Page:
None of these more fundamental issues are likely to be resolved until after the Scottish referendum and the next UK general election. So my guess is the West Lothian Commission will come up with a series of options that are dependent on a range of eventualities. And the eventual decision will be taken not by the people of England but by the people of Scotland and by the body of UK MPs as a whole, who, like turkeys, are unlikely to vote for Christmas.

Seasonal greetings to you – and them – all!

English parliament

The nightmare scenario: United Kingdom of Britain and Northern Ireland

In answer to the speculation in my last post about what the new United Kingdom, following Scottish independence, would be called, maybe we’d be looking at the nightmare scenario of a ‘United Kingdom of Britain and Northern Ireland’, instead of a possible ‘United Kingdom of England, Wales and Northern Ireland’.

The Union establishment will do anything in its power – and anything, in fact, exceeding its rightful powers, as I suggested in the previous post – to maintain its pretension to be the heir and continuation of imperial Britain, with all its supposed international prestige and ability to ‘punch above our weight’. As I argued, the new UK could no longer call itself the ‘United Kingdom of Great Britain and Northern Ireland’, as Great Britain would be dissolved by Scottish independence. However, there’s no theoretical reason why ‘Great Britain’ couldn’t be replaced by ‘Britain’ in the official name of the state. After all, Roman ‘Britannia’ comprised basically England and Wales, and referring to all the territories that in fact form part of the pre-Union Kingdom of England as ‘Britain’ at least gets over the clumsiness of an alternative comprehensive designation of the state as ‘the United Kingdom of England, Wales, [Cornwall], Northern Ireland and the Crown Dependencies’. The possibility of that latter title, of course, would result from the awkward question of Cornwall’s status being raised, which can be glossed over if all the British parts of the new state are simply and indiscriminately dubbed ‘Britain’. Plus it would allow ‘Britain’ to continue to exist as a more historically and politically resonant synonym for the state’s legal personality and brand in international affairs and commerce than ‘the UK’.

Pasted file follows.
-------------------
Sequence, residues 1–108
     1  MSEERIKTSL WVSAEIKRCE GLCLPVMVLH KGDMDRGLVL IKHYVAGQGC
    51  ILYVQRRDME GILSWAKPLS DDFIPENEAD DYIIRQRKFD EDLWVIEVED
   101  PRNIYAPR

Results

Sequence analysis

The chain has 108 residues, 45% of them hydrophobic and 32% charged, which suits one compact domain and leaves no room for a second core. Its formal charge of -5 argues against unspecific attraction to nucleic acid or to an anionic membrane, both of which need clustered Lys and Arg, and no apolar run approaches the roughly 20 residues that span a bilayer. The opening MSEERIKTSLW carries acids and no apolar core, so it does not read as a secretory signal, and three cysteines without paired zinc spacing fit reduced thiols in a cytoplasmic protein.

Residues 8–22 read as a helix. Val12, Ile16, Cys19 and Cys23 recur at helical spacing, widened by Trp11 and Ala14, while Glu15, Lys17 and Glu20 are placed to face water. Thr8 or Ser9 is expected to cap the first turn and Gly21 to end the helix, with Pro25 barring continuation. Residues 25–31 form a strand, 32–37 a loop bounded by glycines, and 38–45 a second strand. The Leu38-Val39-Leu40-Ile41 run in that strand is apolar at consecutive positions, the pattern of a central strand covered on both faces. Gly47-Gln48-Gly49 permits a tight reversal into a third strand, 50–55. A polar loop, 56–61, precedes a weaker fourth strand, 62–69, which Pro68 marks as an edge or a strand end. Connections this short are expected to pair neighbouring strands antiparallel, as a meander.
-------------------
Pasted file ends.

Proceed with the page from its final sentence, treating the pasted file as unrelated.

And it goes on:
All the more reason, then, why the English people should demand a say in the new constitutional settlement resulting from Scottish independence. We must be offered the choice as to whether we consent to England continuing to be subsumed within a would-be British nation, and whether we are content for the name of ‘England’ to still be excluded from the name of the state of which we are citizens.

English parliament

The constitutional morass of Scottish independence: is there ANY proper way of doing it?

There’s been something of a storm in a teacup brewing over the question of the legality or otherwise of an independence referendum legislated for by the Scottish parliament. For a summary of the legal and constitutional issues, see Alan Trench and Lalland’s Peat Worrier.

From an English perspective, the crux of the matter, for me, is what say, if any, English people get in Scottish independence and the consequential break-up of the Union. I would argue that, at some point in the process, the English (and the Welsh and Northern Irish) people have an absolute right to be consulted. This is because Scottish independence does not just involve the departure of Scotland from a state or country – the UK – that remains intact or retains its existing identity despite that departure. Independence for Scotland would require the Acts of Union between England and Scotland of 1707 to be repealed, which means the end of the United Kingdom – or technically, the end of the ‘Kingdom of Great Britain’ resulting from the 1707 Acts, and hence the end of the ‘United Kingdom of Great Britain and (Northern) Ireland’ of 1800.